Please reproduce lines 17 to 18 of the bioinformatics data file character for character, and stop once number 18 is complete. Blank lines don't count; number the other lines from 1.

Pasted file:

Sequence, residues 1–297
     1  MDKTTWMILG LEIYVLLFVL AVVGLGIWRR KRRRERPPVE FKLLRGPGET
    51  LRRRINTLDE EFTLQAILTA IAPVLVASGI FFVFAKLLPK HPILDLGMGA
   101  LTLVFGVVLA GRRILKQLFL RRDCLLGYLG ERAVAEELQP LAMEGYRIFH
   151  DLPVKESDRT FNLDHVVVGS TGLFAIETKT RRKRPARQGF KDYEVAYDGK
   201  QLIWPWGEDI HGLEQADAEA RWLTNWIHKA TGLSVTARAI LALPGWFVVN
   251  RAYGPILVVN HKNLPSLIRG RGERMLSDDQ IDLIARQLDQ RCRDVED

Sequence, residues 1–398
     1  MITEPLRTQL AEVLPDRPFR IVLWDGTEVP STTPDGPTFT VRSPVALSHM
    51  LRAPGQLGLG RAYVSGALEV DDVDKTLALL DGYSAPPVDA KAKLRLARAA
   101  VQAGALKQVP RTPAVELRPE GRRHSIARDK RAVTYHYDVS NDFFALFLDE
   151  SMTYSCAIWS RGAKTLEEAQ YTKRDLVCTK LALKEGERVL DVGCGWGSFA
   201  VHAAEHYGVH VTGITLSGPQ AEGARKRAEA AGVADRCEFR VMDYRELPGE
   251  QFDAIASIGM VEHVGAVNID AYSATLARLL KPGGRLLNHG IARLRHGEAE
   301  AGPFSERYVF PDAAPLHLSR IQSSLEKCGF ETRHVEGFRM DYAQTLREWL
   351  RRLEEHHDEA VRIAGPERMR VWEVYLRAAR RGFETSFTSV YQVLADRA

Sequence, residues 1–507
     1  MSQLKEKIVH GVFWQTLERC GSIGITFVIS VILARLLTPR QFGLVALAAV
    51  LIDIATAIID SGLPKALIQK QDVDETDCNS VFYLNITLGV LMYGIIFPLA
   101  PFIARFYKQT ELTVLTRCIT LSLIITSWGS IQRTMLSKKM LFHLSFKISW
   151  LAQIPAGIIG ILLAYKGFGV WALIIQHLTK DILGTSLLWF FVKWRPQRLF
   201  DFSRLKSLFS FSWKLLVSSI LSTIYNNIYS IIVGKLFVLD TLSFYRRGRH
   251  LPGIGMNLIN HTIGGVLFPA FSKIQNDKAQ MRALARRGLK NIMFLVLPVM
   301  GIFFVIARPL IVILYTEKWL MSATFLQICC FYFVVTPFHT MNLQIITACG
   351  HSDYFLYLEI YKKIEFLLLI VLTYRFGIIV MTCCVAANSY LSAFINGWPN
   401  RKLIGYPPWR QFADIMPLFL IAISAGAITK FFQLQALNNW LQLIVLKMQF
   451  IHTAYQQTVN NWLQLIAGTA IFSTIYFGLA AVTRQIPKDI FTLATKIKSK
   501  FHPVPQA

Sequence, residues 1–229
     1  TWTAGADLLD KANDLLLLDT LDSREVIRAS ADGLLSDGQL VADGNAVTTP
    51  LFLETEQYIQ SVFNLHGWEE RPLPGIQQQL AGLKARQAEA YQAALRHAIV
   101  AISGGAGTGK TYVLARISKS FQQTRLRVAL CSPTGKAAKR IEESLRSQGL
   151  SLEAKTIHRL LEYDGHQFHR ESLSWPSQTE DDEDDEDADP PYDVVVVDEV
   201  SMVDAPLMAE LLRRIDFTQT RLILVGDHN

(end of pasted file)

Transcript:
Sequence, residues 1–507
     1  MSQLKEKIVH GVFWQTLERC GSIGITFVIS VILARLLTPR QFGLVALAAV